May 29, 2015
Authorities have found DNA evidence that five more people may have been on board a U.S. military helicopter that crashed during a humanitarian relief mission after the Nepal earthquake, a U.S. military spokesman said.
Investigators were exploring the possibility that the five new suspected victims of the crash were villagers picked up by the helicopter during its relief mission, a Nepali army spokesman said.
The helicopter and its crew were part of the large international aid effort after a massive earthquake and major aftershock struck Nepal on April 25 and May 12, killing more than 8,600 people and making hundreds of thousands homeless.
Six U.S. Marines and two Nepali soldiers are known to have died in the crash, the cause of which has yet to be determined.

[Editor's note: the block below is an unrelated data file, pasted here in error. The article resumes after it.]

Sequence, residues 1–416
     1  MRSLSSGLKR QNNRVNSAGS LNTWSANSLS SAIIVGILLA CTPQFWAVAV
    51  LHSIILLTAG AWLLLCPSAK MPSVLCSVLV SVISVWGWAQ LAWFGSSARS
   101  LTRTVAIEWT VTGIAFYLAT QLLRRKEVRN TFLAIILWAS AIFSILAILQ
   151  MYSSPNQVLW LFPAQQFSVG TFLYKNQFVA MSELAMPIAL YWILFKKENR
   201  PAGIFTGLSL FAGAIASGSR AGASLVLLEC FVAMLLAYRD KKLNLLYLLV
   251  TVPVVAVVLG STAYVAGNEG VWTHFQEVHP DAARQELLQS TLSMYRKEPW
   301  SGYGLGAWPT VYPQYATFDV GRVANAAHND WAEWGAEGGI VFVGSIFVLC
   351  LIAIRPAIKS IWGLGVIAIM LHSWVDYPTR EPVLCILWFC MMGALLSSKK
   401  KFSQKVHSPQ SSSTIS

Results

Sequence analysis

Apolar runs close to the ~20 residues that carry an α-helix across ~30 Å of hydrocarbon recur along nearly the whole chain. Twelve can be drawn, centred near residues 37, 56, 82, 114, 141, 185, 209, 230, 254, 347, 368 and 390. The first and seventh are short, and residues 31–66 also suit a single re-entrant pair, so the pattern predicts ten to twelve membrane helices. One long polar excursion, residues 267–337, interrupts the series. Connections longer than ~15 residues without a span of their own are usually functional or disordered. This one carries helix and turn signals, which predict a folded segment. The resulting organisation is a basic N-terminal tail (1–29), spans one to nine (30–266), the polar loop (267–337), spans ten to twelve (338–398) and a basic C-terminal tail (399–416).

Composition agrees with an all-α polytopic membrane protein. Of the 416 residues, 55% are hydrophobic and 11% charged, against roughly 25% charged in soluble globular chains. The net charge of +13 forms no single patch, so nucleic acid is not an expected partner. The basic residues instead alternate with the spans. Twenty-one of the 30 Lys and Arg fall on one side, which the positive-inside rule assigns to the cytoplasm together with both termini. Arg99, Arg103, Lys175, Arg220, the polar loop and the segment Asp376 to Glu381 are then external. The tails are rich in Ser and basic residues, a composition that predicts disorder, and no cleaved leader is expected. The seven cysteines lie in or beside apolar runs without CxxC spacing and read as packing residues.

"While no positive identification has yet been made, there is DNA evidence of five individuals in addition to the six U.S. Marines and two Nepalese soldiers who have already been identified," said Lt. Col. Rob James, a public affairs officer for the U.S. Marines, in a statement to Reuters.
The Nepal Army said the new remains were found on May 25, 10 days after the bodies of the soldiers were found among the wreckage of a U.S. Marine Corps UH-1Y helicopter that went down in the mountains northeast of the capital Kathmandu.
Earlier this week, Nepalese media reported that five people from devastated villages in Dolakha district had gone missing after boarding an unidentified aid helicopter.
A team of U.S. and Nepalese medical and forensic experts are performing DNA tests on the remains to identify all of the victims in tandem with the joint investigation by both militaries into the crash.
Brigadier General Jagadish Chandra Pokharel, spokesman for the Nepal Army, said DNA from the five would be sent to the United States for testing along with DNA samples from relatives of the missing villagers to see it there is a match.
The U.S. military did not comment on whether it had any prior indication that there may have been additional passengers on board the aircraft.
"We are all committed to ensuring all remains - whether U.S. or Nepalese - are positively identified," James said.